The Giving Season
As you read this, we are officially one week away from Christmas. The holiday spirit is in the air, and everyone is racking their brains for thoughtful gift ideas. Well, I suppose if you were really that thoughtful you would have racked your brain a bit earlier, but the point stands. Gift giving is a wonderful way to show somebody what they mean to you, and flex your own creative muscles in the process. But no matter how good your idea is, I assure you that it won’t top what my roommate and I are giving to our friends.
The two of us share five close friends in Boston, making us a coherent group of seven who do everything together. And this Christmas, the two of us decided to reward our friends with the greatest multimedia art project of all time.
For the past month, we have spent two hours every night making lists. And not the kind that Santa makes. We set out to make a book of lists that rank the seven friends (including ourselves) on every possible criteria known to man. We have made every list from “Most Likely to Succeed” to “Most Likely to Attend an Uncle Kracker Concert” and everything in between. A few favorites include:
- “Most Similar To A Tree”
- “Most Likely To Have A Son Named Shaun”
- “Most Likely To Have A Son Named Sean”
- “Most Calypso”
- “Most Likely To Become a Sea Captain”
And we have several hundred more. Our nightly routine looks something like this. We get home from our classes and rehearsals around 11, and think of 10-30 categories on which to rank our friends. Then we write the numbers one through seven on our refrigerator, and start the deliberation process. Some of them are incredibly easy. When we did “Most Likely To Be Described as ‘Floppy,’” we both instinctively knew the order and completed the list in under 30 seconds. Others, such as “Most Merry,” take over 20 minutes. We often have to come up with a mathematical way to break ties. When we were debating everyone’s similarity to Ringo Starr, we had to write out the five traits that define the legendary Beatles drummer, and then determine who had the most of each trait. That allowed us to develop a point system by which we could determine each friend’s amount of Ringo-ness.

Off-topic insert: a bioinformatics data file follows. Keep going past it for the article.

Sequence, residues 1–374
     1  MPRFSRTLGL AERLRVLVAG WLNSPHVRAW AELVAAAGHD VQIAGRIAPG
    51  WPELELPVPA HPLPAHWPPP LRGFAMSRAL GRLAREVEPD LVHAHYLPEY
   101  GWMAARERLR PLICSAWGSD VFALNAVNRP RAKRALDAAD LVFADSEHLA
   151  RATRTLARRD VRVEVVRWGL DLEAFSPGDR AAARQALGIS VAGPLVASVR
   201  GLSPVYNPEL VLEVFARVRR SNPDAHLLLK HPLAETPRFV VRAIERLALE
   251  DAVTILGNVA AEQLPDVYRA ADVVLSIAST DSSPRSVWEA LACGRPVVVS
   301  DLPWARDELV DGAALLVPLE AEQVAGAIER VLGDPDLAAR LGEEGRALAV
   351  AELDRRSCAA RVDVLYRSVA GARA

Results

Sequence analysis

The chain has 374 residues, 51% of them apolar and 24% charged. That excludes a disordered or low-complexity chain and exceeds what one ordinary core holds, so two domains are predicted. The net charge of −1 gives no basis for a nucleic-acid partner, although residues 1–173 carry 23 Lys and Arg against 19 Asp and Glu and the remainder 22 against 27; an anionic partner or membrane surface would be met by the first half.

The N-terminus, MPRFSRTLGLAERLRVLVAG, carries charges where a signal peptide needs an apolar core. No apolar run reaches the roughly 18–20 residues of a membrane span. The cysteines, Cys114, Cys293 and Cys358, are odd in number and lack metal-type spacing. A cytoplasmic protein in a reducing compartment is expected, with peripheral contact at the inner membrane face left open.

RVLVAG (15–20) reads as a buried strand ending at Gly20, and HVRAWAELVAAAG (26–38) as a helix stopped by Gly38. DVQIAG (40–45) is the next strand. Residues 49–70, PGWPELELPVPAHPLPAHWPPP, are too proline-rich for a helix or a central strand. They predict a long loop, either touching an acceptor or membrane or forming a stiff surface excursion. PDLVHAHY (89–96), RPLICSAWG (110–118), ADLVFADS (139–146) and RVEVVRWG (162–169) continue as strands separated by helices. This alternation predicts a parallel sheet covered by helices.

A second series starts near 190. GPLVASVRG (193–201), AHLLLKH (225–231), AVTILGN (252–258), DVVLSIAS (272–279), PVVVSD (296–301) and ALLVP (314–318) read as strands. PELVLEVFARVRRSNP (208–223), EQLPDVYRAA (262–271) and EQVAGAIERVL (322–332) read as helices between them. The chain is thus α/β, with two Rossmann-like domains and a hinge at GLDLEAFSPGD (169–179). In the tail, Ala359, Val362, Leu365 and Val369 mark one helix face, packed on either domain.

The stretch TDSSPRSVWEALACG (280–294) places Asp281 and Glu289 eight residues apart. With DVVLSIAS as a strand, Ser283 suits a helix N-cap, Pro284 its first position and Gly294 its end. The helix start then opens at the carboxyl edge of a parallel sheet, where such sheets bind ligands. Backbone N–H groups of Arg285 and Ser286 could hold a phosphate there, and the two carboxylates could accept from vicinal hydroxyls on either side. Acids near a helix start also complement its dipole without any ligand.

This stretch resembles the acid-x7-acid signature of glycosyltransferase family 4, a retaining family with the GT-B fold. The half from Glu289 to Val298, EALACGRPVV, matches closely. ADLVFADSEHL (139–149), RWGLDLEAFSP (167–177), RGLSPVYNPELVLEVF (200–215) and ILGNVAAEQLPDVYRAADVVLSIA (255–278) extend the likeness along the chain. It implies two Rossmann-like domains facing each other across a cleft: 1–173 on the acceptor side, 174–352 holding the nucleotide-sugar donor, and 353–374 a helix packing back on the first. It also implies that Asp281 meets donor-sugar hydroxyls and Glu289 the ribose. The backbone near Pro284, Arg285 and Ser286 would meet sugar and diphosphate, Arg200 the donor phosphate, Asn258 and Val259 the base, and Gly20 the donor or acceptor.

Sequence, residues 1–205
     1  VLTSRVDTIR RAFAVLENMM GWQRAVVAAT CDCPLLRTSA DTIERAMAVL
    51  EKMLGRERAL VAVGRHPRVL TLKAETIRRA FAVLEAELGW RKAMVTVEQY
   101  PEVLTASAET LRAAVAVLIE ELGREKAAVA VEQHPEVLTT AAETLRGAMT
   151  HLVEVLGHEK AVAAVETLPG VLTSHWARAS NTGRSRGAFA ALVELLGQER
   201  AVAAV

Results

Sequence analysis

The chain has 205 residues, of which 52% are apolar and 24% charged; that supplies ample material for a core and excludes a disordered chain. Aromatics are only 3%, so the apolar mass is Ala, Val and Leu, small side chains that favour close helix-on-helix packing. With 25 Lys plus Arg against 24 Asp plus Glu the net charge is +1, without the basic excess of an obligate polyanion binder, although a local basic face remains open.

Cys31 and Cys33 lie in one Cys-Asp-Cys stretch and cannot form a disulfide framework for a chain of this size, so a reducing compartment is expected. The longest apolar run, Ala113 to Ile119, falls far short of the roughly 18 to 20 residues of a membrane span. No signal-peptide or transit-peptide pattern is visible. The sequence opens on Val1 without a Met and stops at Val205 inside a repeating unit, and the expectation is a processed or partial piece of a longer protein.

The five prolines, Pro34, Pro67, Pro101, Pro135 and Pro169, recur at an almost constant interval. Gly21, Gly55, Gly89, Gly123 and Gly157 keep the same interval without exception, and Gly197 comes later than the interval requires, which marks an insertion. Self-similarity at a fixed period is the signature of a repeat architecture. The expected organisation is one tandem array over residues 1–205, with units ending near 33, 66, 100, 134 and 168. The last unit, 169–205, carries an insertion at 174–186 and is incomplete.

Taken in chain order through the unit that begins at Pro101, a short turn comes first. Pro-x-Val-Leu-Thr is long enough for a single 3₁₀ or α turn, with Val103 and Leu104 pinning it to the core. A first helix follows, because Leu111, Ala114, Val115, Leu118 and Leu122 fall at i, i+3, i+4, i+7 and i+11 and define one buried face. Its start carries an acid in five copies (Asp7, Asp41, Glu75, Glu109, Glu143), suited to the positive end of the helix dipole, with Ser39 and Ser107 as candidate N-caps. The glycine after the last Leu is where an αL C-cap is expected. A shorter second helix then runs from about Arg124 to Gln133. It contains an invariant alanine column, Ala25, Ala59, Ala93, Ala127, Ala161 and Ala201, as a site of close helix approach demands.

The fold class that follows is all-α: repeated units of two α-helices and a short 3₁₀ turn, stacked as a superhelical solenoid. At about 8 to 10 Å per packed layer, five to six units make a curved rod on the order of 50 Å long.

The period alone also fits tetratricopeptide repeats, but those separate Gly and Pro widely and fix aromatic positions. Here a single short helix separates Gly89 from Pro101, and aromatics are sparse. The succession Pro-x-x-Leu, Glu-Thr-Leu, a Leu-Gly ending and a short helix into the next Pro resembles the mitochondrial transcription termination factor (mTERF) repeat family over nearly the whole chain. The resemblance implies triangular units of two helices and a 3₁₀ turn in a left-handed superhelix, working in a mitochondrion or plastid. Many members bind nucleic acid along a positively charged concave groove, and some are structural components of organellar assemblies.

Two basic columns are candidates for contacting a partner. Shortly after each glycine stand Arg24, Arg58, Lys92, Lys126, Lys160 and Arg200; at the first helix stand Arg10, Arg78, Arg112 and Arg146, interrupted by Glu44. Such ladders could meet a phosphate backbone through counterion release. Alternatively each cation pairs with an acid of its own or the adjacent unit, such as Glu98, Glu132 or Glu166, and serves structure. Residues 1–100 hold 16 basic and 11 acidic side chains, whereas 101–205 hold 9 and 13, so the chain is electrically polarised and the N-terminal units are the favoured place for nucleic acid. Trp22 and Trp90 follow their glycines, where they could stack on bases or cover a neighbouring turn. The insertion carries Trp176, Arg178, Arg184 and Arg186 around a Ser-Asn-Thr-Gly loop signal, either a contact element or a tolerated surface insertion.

This started out as a stupid hobby, but it has really evolved into a stupid art form. When you sit down and read the entire book, it’s actually an incredibly entertaining experience. The categories are often funny, and the lists are very well thought-out. I like to think we have the right balance of serious and ludicrous, and we’ve even begun to incorporate some video lists into the program.
Some people buy their friends books or gift cards, but we’ve taken Christmas to the next level. We’re giving our friends the greatest gift of all: assigning them numerical values and ranking them in ways that will absolutely divide the group and start countless fights. Hopefully everyone can take a leaf out of our book and find something equally poignant to give your loved ones.